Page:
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Triumphant Scotland beat France for first time in a decade

ByIsabelle Boulert

Mar 14, 2016

While in his post-match interview Man of the Match Stuart Hogg admitted that although Scotland “Had poor performances in the past […] [today’s performance] makes amends.” It seemed as though Scotland’s performance was not only intended to sure up support from an oft-disappointed crowd but also to cement the confidence of the team itself following their 36-20 win in Rome.

It was clear watching Scotland beat France 29-18 that the squad was shaking off the demons of defeat and rising, triumphant, into a much improved position for their meeting with Ireland next week.

Not only did Sunday’s match ended a dispiriting trend of seven home defeats at Murrayfield in a row but also a dismal record against France which saw their last victory against the team in 2006.

A 4th minute try by hooker Guilhem Guirado who artly avoided a last minute tackle from Stuart Hogg could have dented Scottish confidence however a late surge of intensity in the first half resulted in two tries in three minutes at the end of the first half courtesy of Hogg and Duncan Taylor.

Both player’s individual effort was admirable. Taylor’s individual effort was blinding as he made  up a total of 79m – the highest of the game. Hogg, under pressure throughout, bristled with verve and  attacking threat. The crowning glory of his performance arguably being the enormous 54m penalty he managed to slot between the goalposts. Dual code star Jonathan Davies told the 5 Nations Forum that he believed that Hogg’s performance made it ”his best game so far” as he noted the improved maturity of his game.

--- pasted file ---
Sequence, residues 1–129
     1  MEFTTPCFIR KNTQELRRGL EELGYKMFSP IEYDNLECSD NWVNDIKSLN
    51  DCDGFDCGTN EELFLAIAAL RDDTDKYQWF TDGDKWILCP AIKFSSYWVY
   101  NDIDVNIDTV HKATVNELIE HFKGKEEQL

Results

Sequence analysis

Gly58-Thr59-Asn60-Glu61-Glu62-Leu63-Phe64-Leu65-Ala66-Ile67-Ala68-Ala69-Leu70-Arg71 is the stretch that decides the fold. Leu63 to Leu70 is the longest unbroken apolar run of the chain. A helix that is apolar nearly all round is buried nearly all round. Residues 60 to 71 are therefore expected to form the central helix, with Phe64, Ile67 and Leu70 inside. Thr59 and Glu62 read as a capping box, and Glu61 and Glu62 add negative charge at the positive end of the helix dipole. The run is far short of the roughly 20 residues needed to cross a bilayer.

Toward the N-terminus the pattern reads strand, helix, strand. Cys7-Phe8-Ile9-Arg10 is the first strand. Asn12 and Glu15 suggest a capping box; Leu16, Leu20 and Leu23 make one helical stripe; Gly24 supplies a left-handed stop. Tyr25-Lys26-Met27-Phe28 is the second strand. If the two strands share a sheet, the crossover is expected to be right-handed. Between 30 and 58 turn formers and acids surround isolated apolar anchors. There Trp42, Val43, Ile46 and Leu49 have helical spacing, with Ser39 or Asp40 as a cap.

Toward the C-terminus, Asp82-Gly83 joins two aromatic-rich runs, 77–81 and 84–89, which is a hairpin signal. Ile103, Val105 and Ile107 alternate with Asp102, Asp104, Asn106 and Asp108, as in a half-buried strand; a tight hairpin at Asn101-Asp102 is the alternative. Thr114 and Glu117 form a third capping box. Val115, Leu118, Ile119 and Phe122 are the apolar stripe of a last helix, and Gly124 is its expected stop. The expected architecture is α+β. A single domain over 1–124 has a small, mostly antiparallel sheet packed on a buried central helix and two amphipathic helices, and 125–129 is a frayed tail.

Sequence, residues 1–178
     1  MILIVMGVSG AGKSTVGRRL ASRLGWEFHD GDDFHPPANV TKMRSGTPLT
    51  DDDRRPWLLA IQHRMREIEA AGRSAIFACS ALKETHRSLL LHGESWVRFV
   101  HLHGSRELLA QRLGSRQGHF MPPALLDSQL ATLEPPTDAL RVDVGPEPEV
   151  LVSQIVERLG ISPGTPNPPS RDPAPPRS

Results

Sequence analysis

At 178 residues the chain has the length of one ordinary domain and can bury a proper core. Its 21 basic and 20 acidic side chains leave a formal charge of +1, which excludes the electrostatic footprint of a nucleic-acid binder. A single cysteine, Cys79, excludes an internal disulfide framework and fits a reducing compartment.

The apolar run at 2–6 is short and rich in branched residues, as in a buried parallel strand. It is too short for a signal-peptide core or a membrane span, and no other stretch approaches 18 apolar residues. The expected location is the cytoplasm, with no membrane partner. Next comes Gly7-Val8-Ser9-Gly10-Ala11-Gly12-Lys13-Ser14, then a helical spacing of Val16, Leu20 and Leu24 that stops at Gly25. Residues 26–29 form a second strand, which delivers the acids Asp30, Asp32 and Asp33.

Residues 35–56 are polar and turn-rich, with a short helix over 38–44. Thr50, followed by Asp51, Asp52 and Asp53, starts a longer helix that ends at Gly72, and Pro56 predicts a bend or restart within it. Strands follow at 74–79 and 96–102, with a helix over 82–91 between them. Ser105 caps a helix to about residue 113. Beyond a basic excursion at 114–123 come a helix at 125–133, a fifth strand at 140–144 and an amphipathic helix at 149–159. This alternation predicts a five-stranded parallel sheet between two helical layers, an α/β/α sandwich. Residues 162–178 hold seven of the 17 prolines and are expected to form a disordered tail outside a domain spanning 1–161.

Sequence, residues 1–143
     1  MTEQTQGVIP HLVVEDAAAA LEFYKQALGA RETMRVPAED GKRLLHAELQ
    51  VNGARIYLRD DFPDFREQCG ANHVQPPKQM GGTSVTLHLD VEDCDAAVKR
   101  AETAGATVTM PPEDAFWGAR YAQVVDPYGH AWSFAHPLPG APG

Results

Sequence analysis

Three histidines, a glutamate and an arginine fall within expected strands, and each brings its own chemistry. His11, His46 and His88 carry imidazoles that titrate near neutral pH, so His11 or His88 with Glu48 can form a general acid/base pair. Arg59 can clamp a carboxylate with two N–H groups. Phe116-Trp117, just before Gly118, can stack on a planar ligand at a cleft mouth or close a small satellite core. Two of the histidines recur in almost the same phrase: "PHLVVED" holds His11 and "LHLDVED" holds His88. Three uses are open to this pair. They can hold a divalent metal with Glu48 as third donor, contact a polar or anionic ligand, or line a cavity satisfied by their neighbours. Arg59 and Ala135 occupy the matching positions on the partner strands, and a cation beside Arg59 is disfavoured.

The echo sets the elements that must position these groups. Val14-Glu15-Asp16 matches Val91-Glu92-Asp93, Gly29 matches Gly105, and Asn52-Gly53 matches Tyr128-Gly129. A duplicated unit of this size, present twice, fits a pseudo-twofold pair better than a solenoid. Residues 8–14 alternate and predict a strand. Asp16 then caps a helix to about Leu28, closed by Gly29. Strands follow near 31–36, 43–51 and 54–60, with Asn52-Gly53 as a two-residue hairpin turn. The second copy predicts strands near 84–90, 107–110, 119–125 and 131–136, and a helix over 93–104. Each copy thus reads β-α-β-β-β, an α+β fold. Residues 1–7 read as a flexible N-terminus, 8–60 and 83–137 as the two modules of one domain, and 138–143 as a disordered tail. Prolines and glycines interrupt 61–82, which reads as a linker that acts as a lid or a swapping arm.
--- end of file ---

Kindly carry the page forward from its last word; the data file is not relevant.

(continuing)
His strength ensured he was fully deserving of his Man of the Match accolade and was particularly important given the loss of play-making fly-half Finn Russell to injury early on. Another dependable Scot was Greg Laidlaw who accrued a total of 11 points throughout the game.

To dwell on individual stars too long would be a mistake, however, as the team as a whole produced a cohesive showing. A far cry from the  squad that made a plethora of mistakes against England earlier in the competition, Scotland made the most of a weak French game which in itself was filled with handling errors.

While French coach Guy Noves told French TV Channel France 2 that it was “more us losing the game than them winning it” the statistics show that Noves’ spin gives too little credit to Scotland. Scotland enjoyed 59% of posession, 57% of territory and won 9  scrums against Le Blues which only goes to show the Celtic threat in set pieces.

In a pre-match press conference Scotland Coach Vern Cotter, admitted that the team were expecting their opponents to conform to the French custom of  being ”confrontational and [..][trying] to keep the ball alive” so admitted that they “would have to put in a great defensive performance” in order to find success.

Throughout the game French attacks were rebuffed by a strong Scottish defence and while to France’s credit they continued to push well into the 79th minute. Scotland oozed a confidence that was simultaneously building on and being built by their success.

The Murrayfield crowd may be partly to thank for such a confident Scottish performance. As the uplifting verses of Flower of Scotland rang out across the stadium in the last minutes it seemed as if the Scotland supporters were indeed determined they would send the French “homeward tae think again.”

Image courtesy of Richard Webb (CC BY-SA 2.0)

By Isabelle Boulert

Isabelle, a third year History and Politics student hailing from Berkshire, is Sport Editor for The Student Newspaper. Tweet sporting trivia and dad jokes to her at @IALBoulert.  

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